Two young men heading in opposite directions find their destinies linked by violence in Davidson's dripping-with-testosterone debut novel (following story collection Rust and Bone). After he gets beat up at a bar, Paul Harris questions his coddled, trouble-free life and embraces obsessive workout routines and steroids before finding boxing, the perfect outlet for his newfound rage. Meanwhile, 16-year-old Rob Tully is a boxing star in training on the path to a Golden Gloves tournament. Paul seeks to embrace his new self through the grandeur and punishment of boxing, while Rob struggles to find himself by escaping from that very same world. Their paths cross when Paul fights Rob's uncle in an underground match, and odds-on loser Paul wins, at a big price. Davidson's writing is terse, coarse and fluid in descriptions of exposed viscera, splattered blood and broken bones. There's an unmistakable Palahniuk influence at work. (July)Copyright 2007 Reed Business Information
You don't know pain.
Kirkus ReviewsNose popped in a brawl, butter-fed scion of a winery magnate goes bonkers for payback. Seeking revenge less on the goon who whacked him than on his namby-pamby past, he aspires to become Pleistocene. Wilted from a ho-hum night with a joyless date, Paul Harris gets jumped by trailer trash in a tapas bar. Davidson (Rust and Bone, 2005) isn't kidding; for him, such obviousness constitutes class struggle. Across town, Robbie Tully, third-generation boxer, trains in Top Rank, a basement club that's mega-prole: "CLUB TOWULS ARE FOR SWET ONLY, NOT BLOOD!!!," a wall-sign reads. From the beginning, the pair's face-off is pre-destined; on the way there, we get Paul's rebellion against soft-palmed, hard-assed Pops, intriguing inside-skinny on boxing history (19th-century pugilists soaked their mitts in walnut juice) and Robbie's shaky romance with a neighborhood hottie certain he's just too good to end up a brokedown pug. So far, so Rocky-meets-Fight Club. But the former at least was (clunkily) inspiring, and the latter told Jungian truths about "persona" and "shadow" in a peachy-Nietzsche kind of way. Here, there's no metaphysics, only meat. Rhapsodic homoeroticism alternates with emetic violence. The full extent of Paul's Oedipal conflict and Iron John psychopathology exerts a sick fascination, and the prose is Harry Crews on steroids. As these brutes collide and collide and collide to the soundtrack accompaniment of Cannibal Corpse's "I Cum Blood," readers may long for Proust, or Disney, or even the back of a breakfast-food box. More a grunt than a novel. "Macho" doesn't begin to cover it.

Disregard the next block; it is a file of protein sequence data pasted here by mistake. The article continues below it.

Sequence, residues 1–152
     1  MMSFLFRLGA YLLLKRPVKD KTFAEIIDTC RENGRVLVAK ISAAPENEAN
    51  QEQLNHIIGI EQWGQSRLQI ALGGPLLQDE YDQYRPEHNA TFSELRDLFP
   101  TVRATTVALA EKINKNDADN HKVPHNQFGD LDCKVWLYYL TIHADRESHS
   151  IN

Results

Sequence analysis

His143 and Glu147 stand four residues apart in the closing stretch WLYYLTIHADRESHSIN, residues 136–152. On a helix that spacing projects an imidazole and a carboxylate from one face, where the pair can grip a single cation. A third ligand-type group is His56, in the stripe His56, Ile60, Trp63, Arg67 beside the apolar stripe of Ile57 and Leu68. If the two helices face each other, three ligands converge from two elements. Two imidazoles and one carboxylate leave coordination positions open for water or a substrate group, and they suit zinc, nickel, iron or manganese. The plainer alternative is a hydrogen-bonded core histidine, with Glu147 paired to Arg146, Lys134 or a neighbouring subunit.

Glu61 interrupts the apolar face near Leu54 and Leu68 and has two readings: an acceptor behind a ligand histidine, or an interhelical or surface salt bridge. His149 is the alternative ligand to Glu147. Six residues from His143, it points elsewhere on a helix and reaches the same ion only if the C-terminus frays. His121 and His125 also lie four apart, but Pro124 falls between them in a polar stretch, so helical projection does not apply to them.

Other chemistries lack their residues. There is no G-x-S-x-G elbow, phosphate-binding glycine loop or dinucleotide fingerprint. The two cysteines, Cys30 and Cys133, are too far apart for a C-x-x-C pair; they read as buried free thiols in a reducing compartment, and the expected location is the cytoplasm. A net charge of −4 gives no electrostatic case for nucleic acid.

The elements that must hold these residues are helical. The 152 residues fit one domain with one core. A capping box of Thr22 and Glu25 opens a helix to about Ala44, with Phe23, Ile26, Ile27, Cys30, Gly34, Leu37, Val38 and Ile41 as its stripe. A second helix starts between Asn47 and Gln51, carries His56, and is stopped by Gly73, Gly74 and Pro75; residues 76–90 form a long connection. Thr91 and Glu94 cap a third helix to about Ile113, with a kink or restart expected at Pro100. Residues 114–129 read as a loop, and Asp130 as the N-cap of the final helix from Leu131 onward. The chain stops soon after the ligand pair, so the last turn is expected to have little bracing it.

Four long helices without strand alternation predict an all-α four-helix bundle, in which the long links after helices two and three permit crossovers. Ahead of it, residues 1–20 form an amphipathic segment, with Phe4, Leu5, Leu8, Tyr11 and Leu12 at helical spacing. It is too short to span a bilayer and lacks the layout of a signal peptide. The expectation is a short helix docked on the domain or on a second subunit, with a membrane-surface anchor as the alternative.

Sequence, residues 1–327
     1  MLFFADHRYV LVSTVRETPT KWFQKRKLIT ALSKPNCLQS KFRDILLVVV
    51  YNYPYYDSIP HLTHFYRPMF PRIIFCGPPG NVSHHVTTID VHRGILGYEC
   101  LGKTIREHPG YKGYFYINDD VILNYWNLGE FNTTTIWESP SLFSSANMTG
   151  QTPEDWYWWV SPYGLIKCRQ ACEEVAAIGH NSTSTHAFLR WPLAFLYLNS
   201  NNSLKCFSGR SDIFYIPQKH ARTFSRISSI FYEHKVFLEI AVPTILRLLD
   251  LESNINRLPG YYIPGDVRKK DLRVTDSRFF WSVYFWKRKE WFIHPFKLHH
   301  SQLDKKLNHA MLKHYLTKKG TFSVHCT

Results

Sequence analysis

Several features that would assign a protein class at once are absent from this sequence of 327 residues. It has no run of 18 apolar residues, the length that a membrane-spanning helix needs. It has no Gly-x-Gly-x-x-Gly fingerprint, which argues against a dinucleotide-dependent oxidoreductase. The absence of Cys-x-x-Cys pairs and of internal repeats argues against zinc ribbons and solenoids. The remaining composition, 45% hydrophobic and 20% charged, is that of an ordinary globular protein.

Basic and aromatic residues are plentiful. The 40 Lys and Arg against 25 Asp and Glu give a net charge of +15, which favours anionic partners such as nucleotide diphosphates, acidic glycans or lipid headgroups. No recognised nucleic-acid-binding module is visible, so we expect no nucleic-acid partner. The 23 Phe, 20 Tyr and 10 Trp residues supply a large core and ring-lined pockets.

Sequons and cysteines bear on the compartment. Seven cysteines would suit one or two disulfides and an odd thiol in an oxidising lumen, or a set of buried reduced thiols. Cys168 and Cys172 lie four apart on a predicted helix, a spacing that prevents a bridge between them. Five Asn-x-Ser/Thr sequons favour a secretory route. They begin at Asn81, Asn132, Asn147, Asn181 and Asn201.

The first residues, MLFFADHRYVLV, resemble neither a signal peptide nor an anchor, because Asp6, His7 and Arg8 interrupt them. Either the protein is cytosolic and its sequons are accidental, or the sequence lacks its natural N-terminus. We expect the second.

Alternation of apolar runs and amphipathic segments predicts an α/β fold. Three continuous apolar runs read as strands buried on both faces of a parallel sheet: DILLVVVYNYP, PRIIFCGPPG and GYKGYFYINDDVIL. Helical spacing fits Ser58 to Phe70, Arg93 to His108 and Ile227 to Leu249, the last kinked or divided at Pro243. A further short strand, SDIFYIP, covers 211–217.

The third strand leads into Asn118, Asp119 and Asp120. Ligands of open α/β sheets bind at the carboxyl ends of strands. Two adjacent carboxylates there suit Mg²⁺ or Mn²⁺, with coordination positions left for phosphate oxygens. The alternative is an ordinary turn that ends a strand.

- Soho Press, Incorporated
- Publication date:
- Product dimensions:
- 6.20(w) x 9.10(h) x 1.10(d)
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Fighter based on 0 ratings. 5 reviews.
This incredibly brutal novel provides a mirror of our own personal weaknesses, and strengths. Hard to read at times and delicious at others
I found this book to be quite entertaining. I would definately recomend the book to anyone who is a fan of competitive fighting, a fan of Chuck Palahniuk, or Sam Sheridan. At some points in the book I was not super impressed but at others I saw some pure brilliance in his writing. His use of language really brings you into his work, something I have had a hard time getting from other authours lately. I will definately be buying his next book.
I do not know how to even begin my review. The Fighter by Craig Davidson is a masterpiece work of fiction. It is not for the weak, this book will disturb you. Any book that makes me feel uncomfortable is worth my money. Boxing gives these characters something to live for, it makes them who they are. Read this book, I promise you will enjoy it. I am a better person after reading The Fighter.